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Pewter Printing Plate - Music Engraving Tool Set, Circa 1880 Object Reg. No: ST 041277 12

This item is part of a music engraving tool set used mostly by Gordon Baker who worked for a. Kynoch & Co. Pty. Ltd. in Melbourne from the 1930s to the 1980s. Gordon Baker was apprentice to his father Jack. At the time, Gordon was the only music engraver working in Australia.

When engraving on a pewter plate, the engraver works from right to left so the punched impression is the right way up for printing.

Pewter is a alloy, made up of between 85 and 99 percent tin, with the remainder consisting of copper and antimony, which act as hardeners. It can also contain lead. It is known in the trade as a 'short' metal, because it is an alloy.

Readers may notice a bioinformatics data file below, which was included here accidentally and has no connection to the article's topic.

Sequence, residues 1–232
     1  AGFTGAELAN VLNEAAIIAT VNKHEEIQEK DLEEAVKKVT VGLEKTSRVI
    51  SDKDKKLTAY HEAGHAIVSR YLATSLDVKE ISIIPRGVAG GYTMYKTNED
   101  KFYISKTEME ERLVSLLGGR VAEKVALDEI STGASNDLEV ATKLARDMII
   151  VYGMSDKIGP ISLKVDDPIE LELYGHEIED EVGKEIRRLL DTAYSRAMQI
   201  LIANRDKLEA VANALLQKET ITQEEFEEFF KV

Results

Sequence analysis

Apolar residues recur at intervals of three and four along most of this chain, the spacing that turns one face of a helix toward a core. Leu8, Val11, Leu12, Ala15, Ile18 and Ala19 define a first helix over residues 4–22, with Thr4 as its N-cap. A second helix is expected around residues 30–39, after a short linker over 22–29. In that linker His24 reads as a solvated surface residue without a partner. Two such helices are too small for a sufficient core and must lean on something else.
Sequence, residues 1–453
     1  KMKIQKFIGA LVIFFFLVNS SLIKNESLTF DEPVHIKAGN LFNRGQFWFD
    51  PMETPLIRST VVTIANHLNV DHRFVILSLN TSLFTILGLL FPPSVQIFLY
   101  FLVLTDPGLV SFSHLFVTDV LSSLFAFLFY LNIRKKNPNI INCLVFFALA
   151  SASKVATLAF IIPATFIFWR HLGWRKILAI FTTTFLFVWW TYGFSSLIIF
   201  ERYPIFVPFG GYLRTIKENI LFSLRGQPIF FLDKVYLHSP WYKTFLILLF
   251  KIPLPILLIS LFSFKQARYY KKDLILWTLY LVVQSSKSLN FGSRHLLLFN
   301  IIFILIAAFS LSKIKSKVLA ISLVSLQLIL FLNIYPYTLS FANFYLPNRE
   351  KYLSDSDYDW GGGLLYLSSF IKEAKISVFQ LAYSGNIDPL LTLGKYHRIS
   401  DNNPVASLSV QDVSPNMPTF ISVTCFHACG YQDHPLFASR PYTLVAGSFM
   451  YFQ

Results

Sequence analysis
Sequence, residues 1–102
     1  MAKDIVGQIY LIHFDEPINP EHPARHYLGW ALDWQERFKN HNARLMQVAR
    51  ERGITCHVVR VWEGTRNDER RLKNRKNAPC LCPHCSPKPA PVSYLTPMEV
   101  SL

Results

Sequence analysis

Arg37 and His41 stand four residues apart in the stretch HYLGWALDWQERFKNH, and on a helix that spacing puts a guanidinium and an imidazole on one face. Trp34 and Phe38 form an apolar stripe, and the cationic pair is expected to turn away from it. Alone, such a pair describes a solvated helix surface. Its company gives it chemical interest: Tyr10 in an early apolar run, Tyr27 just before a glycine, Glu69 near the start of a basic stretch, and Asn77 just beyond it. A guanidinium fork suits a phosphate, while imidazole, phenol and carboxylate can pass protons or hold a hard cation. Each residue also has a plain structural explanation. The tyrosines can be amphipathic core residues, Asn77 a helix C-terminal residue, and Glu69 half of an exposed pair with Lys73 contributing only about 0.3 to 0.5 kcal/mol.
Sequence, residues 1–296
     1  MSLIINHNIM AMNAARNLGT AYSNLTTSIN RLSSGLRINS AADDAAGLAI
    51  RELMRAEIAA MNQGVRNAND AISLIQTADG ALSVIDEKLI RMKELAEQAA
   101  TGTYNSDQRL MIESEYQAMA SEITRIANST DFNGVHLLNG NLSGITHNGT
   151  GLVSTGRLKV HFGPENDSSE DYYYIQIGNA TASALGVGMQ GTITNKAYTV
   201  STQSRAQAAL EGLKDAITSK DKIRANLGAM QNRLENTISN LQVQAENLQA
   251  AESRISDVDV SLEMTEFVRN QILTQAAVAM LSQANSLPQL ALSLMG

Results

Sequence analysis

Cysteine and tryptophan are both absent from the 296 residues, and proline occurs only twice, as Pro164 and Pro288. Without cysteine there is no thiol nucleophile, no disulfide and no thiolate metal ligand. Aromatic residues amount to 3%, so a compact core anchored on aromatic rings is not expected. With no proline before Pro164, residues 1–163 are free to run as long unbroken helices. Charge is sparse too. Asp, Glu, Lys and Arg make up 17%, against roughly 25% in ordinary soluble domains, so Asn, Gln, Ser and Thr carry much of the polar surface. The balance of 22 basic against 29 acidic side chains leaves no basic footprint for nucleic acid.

Pewter is slightly harder than lead, allowing the punch to cut an even impression. However, pewter plates are easily scratched so had to be treated carefully, for example, a leather punch bag was used to rest a pewter plate while the engraver turned it in order to engrave curves, either for text or music.
Rectangular metal plate with musical notation etched on it. There is a green tinge to the etched parts..
Discipline: Technology
Dimensions: 280 mm (Height), 200 mm (Width)

More information

Tagged with: music, printing, tools
Themes this item is part of: Music Engraving - a description of the method using a metal plate, Information & Communication Collection, Working Life & Trades Collection
Primary Classification: COMMUNICATIONS
Secondary Classification: Printing
Tertiary Classification: music engraving
Inscriptions: Musical notation and text in reverse

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